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The new schedule has the opportunity to really change the learning experience for our students at the Upper School; it provides extended learning periods where students and teachers can engage in the type of learning and instructional approaches that really favor our students and prepare them for a complex and changing world. 

Mike Mallett 
Upper School Director

The Leaders of the Saints

At high schools in every city and every state across this country, students are all focused on one thing: the end of high school. They know that the four years spent in the classroom, on the field, on the stage, in the studios, are all intended to prepare them for the challenges of life beyond their youth. Our students build challenging course schedules, study hard, complete numerous assessments, and participate in a myriad of co-curricular activities to enrich their school experience. We want the very best for our students throughout this important journey to graduation, yet at SSSAS we don’t focus on the end of the journey, but rather the journey itself. We are diligent in curriculum design and co-curricular development; we are intentional in offering superior technology, art, and athletic programs. We offer the best: the best faculty, the best culture, the best community, the best programs. Yet we know we can do more.

We know that offering the best is only one part of preparing our students for college and their future careers. We need to provide a structure to their days that allow for each of them to work hard academically, while also having the time to develop those important meaningful relationships with their classmates and their teachers. They need the opportunity to look up from their studies and their to-do lists and pause to ask themselves, "What else is in my heart? What more can I be?" It is our duty and our privilege to provide our oldest students the opportunities to do more, to consider more, and to breathe deeply and be good, healthy, empathetic citizens of our communities.

Becoming Ready

The Upper School schedule that goes into effect for the 2019-2020 school year is designed to allow our Upper School students to be prepared for the challenges of college and to discover their best innovative, athletic, artistic, selves. And most importantly, it allows them the time and the space to consider other interests and to become involved in new things. We believe deeply that each of our students has abilities and talents far exceeding what they might believe possible. The framework of our new schedule offers students the time for discovery, deeper learning, and more chances—more chances to create, to innovate, to collaborate, and to excel. The schedule was developed using five guiding principles: quality learning time, healthy pace for students, collaboration time, community time, and access to program.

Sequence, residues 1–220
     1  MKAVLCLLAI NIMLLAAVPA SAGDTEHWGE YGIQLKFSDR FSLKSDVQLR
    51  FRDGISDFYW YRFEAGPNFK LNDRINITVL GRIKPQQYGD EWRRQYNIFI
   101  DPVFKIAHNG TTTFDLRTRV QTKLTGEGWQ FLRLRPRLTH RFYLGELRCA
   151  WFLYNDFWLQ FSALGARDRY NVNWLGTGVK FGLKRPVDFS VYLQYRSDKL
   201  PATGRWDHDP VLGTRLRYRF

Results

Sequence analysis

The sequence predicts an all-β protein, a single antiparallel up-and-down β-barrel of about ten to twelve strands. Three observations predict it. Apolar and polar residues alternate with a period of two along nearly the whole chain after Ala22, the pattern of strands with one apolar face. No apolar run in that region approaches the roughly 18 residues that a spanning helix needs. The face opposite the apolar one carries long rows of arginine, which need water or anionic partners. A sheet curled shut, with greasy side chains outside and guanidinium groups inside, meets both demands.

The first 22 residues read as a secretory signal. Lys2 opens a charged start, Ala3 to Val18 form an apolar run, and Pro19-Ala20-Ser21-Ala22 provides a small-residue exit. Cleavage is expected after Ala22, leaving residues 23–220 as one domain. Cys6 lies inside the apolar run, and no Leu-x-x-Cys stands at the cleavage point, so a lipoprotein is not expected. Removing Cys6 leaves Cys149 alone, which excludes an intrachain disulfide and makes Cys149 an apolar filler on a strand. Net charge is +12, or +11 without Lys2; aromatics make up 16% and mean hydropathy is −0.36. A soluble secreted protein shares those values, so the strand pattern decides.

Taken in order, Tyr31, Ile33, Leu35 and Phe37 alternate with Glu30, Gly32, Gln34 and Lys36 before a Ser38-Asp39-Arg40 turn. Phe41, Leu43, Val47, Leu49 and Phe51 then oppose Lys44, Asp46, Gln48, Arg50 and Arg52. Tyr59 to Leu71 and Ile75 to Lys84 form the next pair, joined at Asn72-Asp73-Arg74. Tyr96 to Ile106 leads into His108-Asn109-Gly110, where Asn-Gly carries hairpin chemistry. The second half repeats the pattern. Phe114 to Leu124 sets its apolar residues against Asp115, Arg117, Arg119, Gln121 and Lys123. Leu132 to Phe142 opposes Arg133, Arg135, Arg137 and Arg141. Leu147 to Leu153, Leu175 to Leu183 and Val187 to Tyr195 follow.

Quality Learning Time
The new schedule runs on a eight day cycle, with classes meeting every other day and rotating vertically through the schedule. That means students will have no more than four academic classes per day (which means students will have two nights to complete homework for their classes), and these classes will meet for longer periods of time allowing for more group work, in-class projects, collaboration, and discussions that will prepare them for their courses in college and their future work environments. And because classes will not always meet at the same time of the day, those classes that tend to always be the ones affected by earlier dismissals or late arrivals will no longer be regularly impacted.

Healthy Pace for Students
If we want our students to thrive, to stretch themselves, to consider more than how many books they can fit in their bag so they don't have to stop at their locker before the next two classes, then we need to thoughtfully consider how they are moving from place to place. As such, in the new schedule the time between classes will be longer, allowing students to move at a healthier pace, to stop and say hi to a friend, to pop in and let a teacher know they would love to connect later in the day about an upcoming quiz. Each day there is a 65-minute period dedicated to STAT (student teacher appointment time) and lunch. This longer period allows time for students to connect with their teachers and to catch up and decompress with friends for lunch. The day is smoother; it is healthier. The students are at the center of the schedule, rather than trying to catch up to it.

Access to Program
In the new schedule, students will have the opportunity to take six or seven classes, which means a student can, in addition to the core classes required at each grade level, take a class simply because they want to. Because the subject matter is interesting. Because they want to know more about Mandarin, ceramics, statistics, 3D printing or Social Entrepreneurship. And all students will have at least one free period in their schedule that will give them time to meet with their advisor or college counselor, visit the academic center, or tackle some homework or prepare for a test. Additionally, because there is an academic class adjacent to the STAT and lunch period, teachers and students will have the time necessary for off-campus learning experiences.

Community Time
We are committed to ensuring our students and teachers continue to have opportunities to come together as a community, to share perspectives and experiences, and to listen and learn from one another. Community time at the end of each day offers dedicated time for clubs and class meetings, and Chapel will continue to be held weekly, as it is a sacred and special time for our community. It is also important for our teachers to have the opportunity to come together for conversation and collaboration. Each morning before the start of the school day, teachers and administrators will participate in a Professional Learning Community (PLC). The PLCs will enable teams of teachers and administrators to connect in a regular and dedicated way to plan together, reflect on and revise curriculum, evaluate assessment data, and collaborate to support students. The PLC period will also enable teachers to participate in committee work focusing on whole school initiatives, planning, and curriculum development. This time together for the teachers will tremendously increase the impact they will be able to have on individual students and their needs.

Collaboration Time
The new schedule has designated time for STAT providing invaluable opportunities for students to connect with their teachers and each other. Additionally, the extended class periods naturally increase opportunities for students to work with one another and with their teacher in the moments of learning in the classroom, without the disruption of needing to move on to another class.